Strategic partnerships with clinical organizations

The HNP has a primary emphasis on control of environmental  factors and relies on strategic partnerships with  clinical providers and organizations to assure appropriate clinical care and follow-up for residents  with housing-related medical needs.  For residents with asthma, these partnerships are critical to receiving comprehensive care.  The goal of these partnerships is to improve targeting of environmental interventions to  at-risk populations, to increase access to environmental services for people  with poorly controlled asthma and to integrate home environmental management  into usual medical care for asthma.  Local Health Departments use a variety of strategies and partners to achieve these aims, including collaborations with managed care plans, partnerships with regional asthma coalitions and relationships with individual providers in the community, including initiatives that bring medical residents into the home setting.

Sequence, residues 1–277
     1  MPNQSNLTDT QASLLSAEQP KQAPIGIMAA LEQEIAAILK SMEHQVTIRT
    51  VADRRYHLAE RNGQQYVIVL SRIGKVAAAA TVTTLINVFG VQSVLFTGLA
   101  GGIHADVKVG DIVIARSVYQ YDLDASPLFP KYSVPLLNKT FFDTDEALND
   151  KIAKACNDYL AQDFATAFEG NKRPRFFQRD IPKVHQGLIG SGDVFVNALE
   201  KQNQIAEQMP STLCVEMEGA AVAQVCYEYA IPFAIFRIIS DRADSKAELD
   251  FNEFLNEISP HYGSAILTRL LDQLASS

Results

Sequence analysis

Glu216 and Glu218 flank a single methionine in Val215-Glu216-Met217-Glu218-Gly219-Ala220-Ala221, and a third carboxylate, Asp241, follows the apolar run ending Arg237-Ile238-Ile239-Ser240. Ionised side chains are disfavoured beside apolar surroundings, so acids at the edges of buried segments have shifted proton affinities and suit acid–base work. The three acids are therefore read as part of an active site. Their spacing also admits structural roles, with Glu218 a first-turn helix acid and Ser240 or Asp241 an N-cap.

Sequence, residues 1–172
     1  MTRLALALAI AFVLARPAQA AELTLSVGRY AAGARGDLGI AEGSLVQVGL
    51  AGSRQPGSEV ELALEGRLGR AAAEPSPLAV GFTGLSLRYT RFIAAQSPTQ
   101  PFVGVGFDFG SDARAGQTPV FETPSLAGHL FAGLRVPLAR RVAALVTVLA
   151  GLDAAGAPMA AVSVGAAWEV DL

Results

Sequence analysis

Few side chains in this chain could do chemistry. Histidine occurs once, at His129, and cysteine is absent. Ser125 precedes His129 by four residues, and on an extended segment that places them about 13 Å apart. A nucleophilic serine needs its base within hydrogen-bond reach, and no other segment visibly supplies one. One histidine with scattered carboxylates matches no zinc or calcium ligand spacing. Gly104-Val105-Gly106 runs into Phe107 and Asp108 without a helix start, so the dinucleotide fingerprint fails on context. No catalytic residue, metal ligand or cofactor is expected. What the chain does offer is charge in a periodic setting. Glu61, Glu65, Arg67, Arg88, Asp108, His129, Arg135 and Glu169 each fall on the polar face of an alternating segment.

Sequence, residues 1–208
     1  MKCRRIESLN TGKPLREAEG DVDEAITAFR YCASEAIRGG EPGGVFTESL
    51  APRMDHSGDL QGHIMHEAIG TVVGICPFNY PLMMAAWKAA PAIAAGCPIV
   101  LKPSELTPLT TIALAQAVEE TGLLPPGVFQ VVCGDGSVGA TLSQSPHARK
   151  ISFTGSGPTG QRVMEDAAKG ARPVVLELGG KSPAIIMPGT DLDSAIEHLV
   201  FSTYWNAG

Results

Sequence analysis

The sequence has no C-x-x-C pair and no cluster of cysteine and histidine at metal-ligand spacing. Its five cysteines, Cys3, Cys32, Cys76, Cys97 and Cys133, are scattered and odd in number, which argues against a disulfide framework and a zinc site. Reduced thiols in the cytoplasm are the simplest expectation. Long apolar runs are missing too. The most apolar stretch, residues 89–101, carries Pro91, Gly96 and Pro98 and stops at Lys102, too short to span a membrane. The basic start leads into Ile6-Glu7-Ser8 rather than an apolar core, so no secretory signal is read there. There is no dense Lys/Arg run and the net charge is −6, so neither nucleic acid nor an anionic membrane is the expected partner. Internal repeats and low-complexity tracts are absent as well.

Evaluation is integral to the HNP. Data is used dynamically to monitor progress and refine the approach.  At each visit the program collects information about housing characteristics, resident demographics, housing conditions and, for residents with asthma, patient level measures of asthma symptoms and self-management. Program evaluation focuses on assessing whether resources are reaching the intended target population and on tracking improvements in housing conditions between the initial visit and revisit. The asthma component of the intervention uses pre/post-intervention evaluation to assess improvements in the following: presence of triggers or conditions that promote triggers in the home environment; asthma knowledge and self-management—knowledge of triggers and avoidance strategies, medication usage and the use of asthma action plans; and asthma morbidity—number of days with worsening asthma and visits to a doctor, ER or hospital. The state-led evaluation allows for comparisons across local initiatives to look for the impact of different approaches on targeting the intervention to the most at-risk populations, and on the magnitude of improvement in trigger reduction, asthma knowledge, self-management behaviors and asthma morbidity. The state’s central management role in the program helps to ensure that promising and transferable strategies for targeting home visits are shared across local program grantees.